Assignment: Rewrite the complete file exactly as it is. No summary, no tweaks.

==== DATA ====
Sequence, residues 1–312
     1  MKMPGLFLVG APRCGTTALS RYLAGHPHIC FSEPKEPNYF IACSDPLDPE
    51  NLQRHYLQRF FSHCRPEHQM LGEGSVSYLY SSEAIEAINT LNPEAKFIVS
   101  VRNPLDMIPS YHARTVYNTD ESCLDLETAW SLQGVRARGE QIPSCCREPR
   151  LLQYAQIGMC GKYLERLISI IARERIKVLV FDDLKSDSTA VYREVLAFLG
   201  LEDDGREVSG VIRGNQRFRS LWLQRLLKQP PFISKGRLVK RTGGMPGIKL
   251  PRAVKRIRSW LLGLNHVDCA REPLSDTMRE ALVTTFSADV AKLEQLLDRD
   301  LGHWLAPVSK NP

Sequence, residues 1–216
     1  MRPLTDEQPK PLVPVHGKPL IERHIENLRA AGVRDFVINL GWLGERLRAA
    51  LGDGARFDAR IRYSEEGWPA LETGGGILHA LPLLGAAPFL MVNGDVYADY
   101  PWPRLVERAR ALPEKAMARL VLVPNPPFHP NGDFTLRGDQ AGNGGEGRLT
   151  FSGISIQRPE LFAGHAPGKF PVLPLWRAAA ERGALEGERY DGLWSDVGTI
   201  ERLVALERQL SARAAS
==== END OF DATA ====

Sequence, residues 1–312
     1  MKMPGLFLVG APRCGTTALS RYLAGHPHIC FSEPKEPNYF IACSDPLDPE
    51  NLQRHYLQRF FSHCRPEHQM LGEGSVSYLY SSEAIEAINT LNPEAKFIVS
   101  VRNPLDMIPS YHARTVYNTD ESCLDLETAW SLQGVRARGE QIPSCCREPR
   151  LLQYAQIGMC GKYLERLISI IARERIKVLV FDDLKSDSTA VYREVLAFLG
   201  LEDDGREVSG VIRGNQRFRS LWLQRLLKQP PFISKGRLVK RTGGMPGIKL
   251  PRAVKRIRSW LLGLNHVDCA REPLSDTMRE ALVTTFSADV AKLEQLLDRD
   301  LGHWLAPVSK NP

Sequence, residues 1–216
     1  MRPLTDEQPK PLVPVHGKPL IERHIENLRA AGVRDFVINL GWLGERLRAA
    51  LGDGARFDAR IRYSEEGWPA LETGGGILHA LPLLGAAPFL MVNGDVYADY
   101  PWPRLVERAR ALPEKAMARL VLVPNPPFHP NGDFTLRGDQ AGNGGEGRLT
   151  FSGISIQRPE LFAGHAPGKF PVLPLWRAAA ERGALEGERY DGLWSDVGTI
   201  ERLVALERQL SARAAS